from Jude's Kitchen: lighter spring fare
Spring’s official arrival this week means we can officially turn our attention to lighter food, since there’s no longer a primitive need to pack on the lard to guard against the cold of deep winter.
Well, you know what I mean.
There is an urge to enjoy lighter food as spring sunshine, longer days and warmer temperatures pull us outside to enjoy the fresh air.
Days and nights of equal hours with the spring equinox on March 20 will now turn to lengthening days and shorter nights in the run to the start of summer and the longest day of the year June 21, the summer solstice.
With the longer days and warmer weather, we will begin enjoying more meals outside, even if it’s necessary to wear a sweater to do so.
Lunch or an afternoon snack on the patio or deck could include some summery flavours with local B.C. greenhouse-grown tomatoes and herbs and B.C. salmon. You can just feel the heat of summer as you bite into a tasty bruschetta or salmon spread on toasty baguette slices or melba toast.
Obviously there will actually be even more flavour in these bites as summer ripens the herbs and vegetables in our own gardens and tomatoes can be plucked warm from the vine, chopped up and combined with fresh herbs to top our bread, so don’t toss out these recipes. Try them again deep in summer.
Outdoor food should be simple and easy to eat with your fingers, so bite-sized toast rounds topped with a multitude of bright flavours is perfect patio food, whether it’s spring outside, or summer.
Pair them with some of our excellent local VQA wines, like the fruity Okanagan pinot gris and riesling or buttery chardonnays; or try the salmon with one of our spicy pinot noirs.
Flavours and appetites are heightened by eating outdoors, so don’t be stingy.
For lots more ideas for food to be eaten outdoors, in the fist, pick up a copy of my book, Jude’s Kitchen, which includes informative wine pairing tips from one of Canada’s top wine writers, John Schreiner.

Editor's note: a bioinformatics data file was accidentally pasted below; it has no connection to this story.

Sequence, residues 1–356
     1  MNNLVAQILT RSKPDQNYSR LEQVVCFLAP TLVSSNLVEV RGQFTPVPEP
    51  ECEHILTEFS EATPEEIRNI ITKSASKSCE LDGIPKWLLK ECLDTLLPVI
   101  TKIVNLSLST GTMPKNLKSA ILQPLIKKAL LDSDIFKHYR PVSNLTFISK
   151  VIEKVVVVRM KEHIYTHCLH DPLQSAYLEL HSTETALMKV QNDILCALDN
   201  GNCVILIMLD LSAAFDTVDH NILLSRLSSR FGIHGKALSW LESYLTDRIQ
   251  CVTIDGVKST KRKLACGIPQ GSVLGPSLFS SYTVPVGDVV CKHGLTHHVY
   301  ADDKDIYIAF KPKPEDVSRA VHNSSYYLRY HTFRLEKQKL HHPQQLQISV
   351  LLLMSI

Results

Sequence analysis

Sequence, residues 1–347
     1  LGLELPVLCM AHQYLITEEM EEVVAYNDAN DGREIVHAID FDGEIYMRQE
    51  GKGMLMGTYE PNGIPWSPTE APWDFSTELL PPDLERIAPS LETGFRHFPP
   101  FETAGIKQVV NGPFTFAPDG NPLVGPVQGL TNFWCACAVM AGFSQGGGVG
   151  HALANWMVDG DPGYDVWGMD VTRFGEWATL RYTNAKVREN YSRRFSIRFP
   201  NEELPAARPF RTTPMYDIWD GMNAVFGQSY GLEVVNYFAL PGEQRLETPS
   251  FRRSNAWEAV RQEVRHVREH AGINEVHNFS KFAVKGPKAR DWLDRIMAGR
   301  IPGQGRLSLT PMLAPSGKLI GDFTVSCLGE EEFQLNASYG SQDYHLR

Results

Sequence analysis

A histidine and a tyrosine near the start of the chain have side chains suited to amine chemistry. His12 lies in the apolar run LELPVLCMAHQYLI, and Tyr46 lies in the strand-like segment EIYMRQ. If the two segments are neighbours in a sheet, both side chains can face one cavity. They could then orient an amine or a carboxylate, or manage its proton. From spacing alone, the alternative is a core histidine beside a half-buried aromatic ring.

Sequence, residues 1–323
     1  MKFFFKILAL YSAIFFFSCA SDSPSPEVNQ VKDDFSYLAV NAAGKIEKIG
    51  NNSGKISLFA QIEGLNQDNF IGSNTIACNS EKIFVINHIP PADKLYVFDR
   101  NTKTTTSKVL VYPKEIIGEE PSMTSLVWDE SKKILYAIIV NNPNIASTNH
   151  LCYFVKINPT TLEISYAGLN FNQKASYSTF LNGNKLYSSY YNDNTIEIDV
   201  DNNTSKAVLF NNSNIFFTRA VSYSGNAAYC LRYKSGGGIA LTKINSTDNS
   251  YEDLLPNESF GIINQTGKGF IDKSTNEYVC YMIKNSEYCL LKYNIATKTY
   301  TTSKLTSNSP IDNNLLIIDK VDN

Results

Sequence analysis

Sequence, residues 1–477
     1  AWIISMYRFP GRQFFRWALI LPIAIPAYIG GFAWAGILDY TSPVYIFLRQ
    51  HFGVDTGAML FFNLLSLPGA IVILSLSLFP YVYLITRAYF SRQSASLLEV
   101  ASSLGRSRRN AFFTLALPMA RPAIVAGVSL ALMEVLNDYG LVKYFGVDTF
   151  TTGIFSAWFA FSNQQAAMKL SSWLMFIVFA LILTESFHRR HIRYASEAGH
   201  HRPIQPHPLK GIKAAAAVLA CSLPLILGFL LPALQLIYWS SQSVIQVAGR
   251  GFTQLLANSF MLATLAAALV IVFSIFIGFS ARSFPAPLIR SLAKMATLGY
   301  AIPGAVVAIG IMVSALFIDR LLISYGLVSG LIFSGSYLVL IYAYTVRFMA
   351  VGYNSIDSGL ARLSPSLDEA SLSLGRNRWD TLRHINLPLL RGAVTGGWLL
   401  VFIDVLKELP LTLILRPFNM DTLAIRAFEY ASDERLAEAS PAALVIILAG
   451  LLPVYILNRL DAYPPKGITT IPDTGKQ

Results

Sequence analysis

It’s available at bookstores, online or at many local wine shops and boutiques.
Variations on Bruschetta
This perennial Italian favourite can be re-created with many small changes, to make quite different appetizers that are both healthful and low in fat, as well as tasting fresh and being full of flavour.
In addition to the following variations, you could add minced garlic and olive oil to the topping as well as flavouring the bread with it; and/or you could add balsamic vinegar or fresh lemon juice to the tomato topping mixture or different fresh herbs.
meaty plum tomatoes
sea salt and black pepper
shredded mozzarella (optional)
meaty plum tomatoes
sea salt and black pepper
shredded fresh parmesan
Slice a small baguette and rub with a cut clove of garlic, then drizzle or brush with a little good quality olive oil. Roast at 350 F for about 15 minutes or so.
Prepare the topping of your choice by finely chopping the meatiest parts of the tomatoes, minced onion and fresh herbs such as basil. Season with sea salt and freshly-ground black pepper and top with shredded cheese, if using.
You could choose to run it under the broiler for a moment to melt the cheese.
Serve immediately so the toast doesn’t get soggy.
Smoked Salmon Spread
This makes a light and tasty spread for melba toast or toasted slices of a small baguette. Serve it in a shallow dish, topped with the coarsely-minced vegetables. If you have leftover poached fresh, wild B.C. salmon, combine some smoked and some of the fresh salmon for a different flavour. This is reminiscent of the French rilletttes, traditionally made with shredded meat combined with fat, but which is also made with salmon poached in white wine and shallots.
8 oz. (227 g) smoked salmon
4 green onions
2 tbsp. (30 ml) mayonnaise
1 tbsp. (15 ml) lemon juice
1 tbsp. (15 ml) dry white wine
fresh-ground mixed peppercorns
1/4 c. (60 ml) sweet red onion
1/4 c. (60 ml) plum tomato
2 tbsp. (30 ml) capers
Flake the lightly-smoked salmon; finely mince the green onions and combine lightly with the salmon, mayonnaise, lemon juice and dry white wine. Avoid over-mixing or it will become a paste. Season to taste with fresh-ground mixed peppercorns. You might also like a pinch of fresh herbs such as tarragon, if available.
Coarsely mince the onion and tomato, avoiding the juice from the tomato.
Combine with the capers and top the serving dish of salmon with the vegetable mixture.
Serves 4 or so.